William R. Beach, MD, Mark A. Frankle, MD, Mark H. Getelman, MD, John E. (Jed) Kuhn, MD, MS, Matthew T. Provencher, MD, CPAT, MC, USNR(Ret.)


Surgeons have performed acromioplasty to reduce pain and prevent rotator cuff disease progression since the 1970s. However, in the past decade, a number of randomized trials have brought the appropriate use of acromioplasty into question.

“There is certainly evidence out there that would suggest routine acromioplasty is not always indicated in subacromial disease patterns and/or with concomitant rotator cuff surgery,” Matthew T. Provencher, MD, CPAT, MC, USNR (Ret.), professor of surgery and orthopedics at Uniformed Services University of the Health Sciences and shoulder, knee and sports surgeon at the Steadman Clinic, told Orthopedics Today. “Whether they have been randomized trials or pooled data studies, such as systematic reviews, they have not shown a clinically significant benefit. Although some of them did show improvement in overall outcome scores, the benefit was felt not to be clinically meaningful or significant.” However, there are certainly some cases where acromioplasty is clearly indicated.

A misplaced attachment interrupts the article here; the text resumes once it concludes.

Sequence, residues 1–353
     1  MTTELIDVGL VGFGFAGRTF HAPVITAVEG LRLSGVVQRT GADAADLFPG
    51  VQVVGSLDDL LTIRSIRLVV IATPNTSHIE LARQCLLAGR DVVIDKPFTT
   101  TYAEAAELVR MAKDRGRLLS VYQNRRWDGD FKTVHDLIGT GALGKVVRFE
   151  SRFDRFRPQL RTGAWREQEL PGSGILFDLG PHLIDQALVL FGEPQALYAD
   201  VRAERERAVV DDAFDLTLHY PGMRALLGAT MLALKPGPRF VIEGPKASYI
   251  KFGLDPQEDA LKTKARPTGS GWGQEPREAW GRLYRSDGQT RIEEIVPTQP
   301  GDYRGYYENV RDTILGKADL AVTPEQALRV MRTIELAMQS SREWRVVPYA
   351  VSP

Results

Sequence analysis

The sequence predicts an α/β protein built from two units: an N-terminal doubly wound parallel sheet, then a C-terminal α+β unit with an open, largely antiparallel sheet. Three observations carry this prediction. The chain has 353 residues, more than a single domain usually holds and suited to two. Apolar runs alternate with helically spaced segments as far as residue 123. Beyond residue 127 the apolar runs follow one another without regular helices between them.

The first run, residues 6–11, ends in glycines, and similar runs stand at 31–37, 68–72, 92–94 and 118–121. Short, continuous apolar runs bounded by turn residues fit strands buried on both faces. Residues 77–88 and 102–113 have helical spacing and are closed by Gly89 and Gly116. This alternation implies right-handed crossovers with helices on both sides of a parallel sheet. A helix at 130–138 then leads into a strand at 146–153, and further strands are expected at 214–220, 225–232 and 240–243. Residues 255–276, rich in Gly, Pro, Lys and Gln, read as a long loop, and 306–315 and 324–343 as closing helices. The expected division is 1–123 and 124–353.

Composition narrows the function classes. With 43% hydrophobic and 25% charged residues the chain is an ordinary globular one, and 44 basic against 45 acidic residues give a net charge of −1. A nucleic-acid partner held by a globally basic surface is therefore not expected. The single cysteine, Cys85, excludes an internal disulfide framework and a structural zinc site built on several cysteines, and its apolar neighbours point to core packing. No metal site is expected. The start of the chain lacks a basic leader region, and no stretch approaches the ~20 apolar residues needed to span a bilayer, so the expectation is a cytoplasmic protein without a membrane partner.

Due to this increasing evidence, in 2010, the American Academy of Orthopaedic Surgeons released clinical practice guidelines on the management of rotator cuff injuries that included moderate strength evidence that did not require routine acromioplasty at the time of rotator cuff repair. Updated in 2019, the current clinical practice guidelines provide moderate strength evidence that does not support the routine use of acromioplasty as concomitant treatment for small – to medium-sized full-thickness rotator cuff tears compared with arthroscopic repair alone.

You may read the full article: Acromioplasty: Not a one-size-fits-all procedure